VIVIAN CASALDUC: The Hard Way to
Casalduc lived to make her family's eyes light up. Each
December, she would bake gingerbread for a giant candy
land, where the ground was coated with thick piles of
shredded coconut (snow) and the houses were studded with
lollipops and licorice. "She would make it the first two
days in December and let everybody look at it all month
long, and on Christmas morning, she'd let everyone
ransack it," said her daughter Angilic Casalduc.
Five small grandchildren spent alternate weekends in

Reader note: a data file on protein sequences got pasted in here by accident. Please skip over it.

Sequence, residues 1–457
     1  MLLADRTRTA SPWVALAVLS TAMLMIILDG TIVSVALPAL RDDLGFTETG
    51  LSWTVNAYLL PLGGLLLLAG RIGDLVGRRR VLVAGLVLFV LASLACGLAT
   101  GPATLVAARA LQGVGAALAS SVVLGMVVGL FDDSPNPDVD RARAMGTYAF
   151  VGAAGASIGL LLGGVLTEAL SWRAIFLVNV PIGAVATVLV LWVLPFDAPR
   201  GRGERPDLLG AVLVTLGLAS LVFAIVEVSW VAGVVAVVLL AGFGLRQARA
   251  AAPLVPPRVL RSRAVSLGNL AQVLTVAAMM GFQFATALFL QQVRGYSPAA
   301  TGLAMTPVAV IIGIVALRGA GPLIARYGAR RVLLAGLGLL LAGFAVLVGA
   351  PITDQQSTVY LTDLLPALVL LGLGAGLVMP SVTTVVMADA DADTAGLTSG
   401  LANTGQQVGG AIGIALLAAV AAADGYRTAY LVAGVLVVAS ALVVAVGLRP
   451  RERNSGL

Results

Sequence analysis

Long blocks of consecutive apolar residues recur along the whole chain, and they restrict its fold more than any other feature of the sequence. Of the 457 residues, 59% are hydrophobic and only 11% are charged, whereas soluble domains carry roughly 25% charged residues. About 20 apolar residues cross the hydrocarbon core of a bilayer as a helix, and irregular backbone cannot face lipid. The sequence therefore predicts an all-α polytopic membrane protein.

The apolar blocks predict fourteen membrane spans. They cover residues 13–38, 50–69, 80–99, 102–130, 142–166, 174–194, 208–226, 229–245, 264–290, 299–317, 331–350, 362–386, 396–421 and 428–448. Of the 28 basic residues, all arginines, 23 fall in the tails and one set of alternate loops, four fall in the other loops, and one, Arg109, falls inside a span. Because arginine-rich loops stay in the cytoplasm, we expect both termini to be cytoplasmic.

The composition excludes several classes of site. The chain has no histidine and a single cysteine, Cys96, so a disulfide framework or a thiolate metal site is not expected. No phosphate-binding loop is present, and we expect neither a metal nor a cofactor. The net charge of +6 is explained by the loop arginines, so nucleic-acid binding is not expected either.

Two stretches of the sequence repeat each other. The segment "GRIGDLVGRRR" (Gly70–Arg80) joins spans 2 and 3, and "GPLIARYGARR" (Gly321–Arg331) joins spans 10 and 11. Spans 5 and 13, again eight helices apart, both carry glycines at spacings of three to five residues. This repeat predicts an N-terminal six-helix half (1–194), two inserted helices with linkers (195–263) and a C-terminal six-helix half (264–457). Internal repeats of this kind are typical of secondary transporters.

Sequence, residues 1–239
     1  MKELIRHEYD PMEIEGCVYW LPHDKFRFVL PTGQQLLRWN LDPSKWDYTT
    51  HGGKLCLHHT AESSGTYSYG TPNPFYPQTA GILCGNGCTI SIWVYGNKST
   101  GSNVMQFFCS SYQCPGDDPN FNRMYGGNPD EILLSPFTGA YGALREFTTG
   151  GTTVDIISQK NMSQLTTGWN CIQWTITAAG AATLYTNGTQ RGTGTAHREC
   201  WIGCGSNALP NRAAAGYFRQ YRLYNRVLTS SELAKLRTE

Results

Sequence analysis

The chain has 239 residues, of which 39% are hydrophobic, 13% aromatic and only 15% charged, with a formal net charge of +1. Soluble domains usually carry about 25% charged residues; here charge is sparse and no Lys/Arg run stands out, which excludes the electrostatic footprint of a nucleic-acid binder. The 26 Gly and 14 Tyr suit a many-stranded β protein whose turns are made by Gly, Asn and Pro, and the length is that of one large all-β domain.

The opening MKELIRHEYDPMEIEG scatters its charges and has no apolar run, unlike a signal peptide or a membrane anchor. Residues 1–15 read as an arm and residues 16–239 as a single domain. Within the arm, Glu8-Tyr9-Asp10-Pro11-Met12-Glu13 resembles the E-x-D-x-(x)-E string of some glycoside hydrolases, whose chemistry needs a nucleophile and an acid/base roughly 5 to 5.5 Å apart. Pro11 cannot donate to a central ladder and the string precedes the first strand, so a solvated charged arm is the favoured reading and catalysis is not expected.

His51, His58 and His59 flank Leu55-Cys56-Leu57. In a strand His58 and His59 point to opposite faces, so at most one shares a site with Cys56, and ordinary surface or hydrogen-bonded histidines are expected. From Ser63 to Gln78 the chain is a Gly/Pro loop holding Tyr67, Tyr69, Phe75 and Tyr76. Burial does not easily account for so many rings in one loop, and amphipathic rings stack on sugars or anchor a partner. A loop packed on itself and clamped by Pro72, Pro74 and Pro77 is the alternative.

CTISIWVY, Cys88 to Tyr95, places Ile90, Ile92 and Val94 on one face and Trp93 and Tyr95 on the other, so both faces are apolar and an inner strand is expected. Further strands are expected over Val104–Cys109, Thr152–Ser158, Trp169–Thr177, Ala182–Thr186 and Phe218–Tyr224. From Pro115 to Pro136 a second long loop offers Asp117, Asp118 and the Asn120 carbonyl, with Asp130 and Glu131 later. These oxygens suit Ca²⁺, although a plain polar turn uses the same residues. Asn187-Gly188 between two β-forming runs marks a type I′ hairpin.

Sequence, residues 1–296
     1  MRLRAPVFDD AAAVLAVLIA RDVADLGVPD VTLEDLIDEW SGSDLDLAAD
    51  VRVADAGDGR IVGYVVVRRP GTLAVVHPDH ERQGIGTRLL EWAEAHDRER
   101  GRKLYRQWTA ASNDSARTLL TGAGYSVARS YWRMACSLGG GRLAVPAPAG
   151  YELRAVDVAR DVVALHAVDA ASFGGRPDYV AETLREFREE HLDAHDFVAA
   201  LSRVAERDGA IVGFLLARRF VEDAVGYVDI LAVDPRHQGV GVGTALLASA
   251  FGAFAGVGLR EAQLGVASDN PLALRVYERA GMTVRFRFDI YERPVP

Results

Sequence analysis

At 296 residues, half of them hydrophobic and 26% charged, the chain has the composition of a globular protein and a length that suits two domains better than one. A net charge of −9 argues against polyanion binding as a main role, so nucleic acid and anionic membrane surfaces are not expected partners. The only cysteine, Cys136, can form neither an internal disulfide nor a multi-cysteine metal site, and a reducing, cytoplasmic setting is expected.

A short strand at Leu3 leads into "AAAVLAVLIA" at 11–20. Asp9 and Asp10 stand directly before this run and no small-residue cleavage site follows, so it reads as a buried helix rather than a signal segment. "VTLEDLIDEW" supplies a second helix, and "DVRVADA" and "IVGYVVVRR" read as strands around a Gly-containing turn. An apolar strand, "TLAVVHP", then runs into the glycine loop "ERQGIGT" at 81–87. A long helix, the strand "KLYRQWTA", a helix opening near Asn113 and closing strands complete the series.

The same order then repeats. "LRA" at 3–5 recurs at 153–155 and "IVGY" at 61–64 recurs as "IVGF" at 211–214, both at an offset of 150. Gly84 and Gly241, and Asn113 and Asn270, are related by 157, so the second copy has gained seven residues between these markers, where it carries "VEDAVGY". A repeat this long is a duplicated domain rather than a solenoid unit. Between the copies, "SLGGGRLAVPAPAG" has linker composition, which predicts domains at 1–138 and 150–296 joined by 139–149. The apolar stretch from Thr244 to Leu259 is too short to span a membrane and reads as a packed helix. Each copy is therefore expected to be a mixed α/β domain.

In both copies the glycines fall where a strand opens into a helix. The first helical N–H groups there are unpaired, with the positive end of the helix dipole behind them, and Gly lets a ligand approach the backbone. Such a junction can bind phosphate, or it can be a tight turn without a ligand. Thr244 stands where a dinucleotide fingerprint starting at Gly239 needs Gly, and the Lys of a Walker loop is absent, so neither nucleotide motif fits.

her care, and would come home with cotton candy in a
kaleidoscope of colors and shapes. Turns out, Grandma had
bought a cotton candy machine.
A Brooklyn native who grew up in housing projects, Ms.
Casalduc, 45, married at 16, had three children and
divorced. Her job as a microfiche clerk at Empire Blue
Cross and Blue Shield moved two years ago from Brooklyn
to the 28th floor of 1 World Trade Center. Her commute
was longer, but the salsa concerts downstairs became a
part of her lunchtime routine.
Ms. Casalduc left one prescient lesson, her daughter
said: "Do everything the hard way." Why major in one
subject when four would do, or take a taxi when public
transportation was there? "Do it the easy way," Angilic
Casalduc remembered, "and you'll never learn anything,
and God forbid, anything happens, she worried we wouldn't
know how to survive."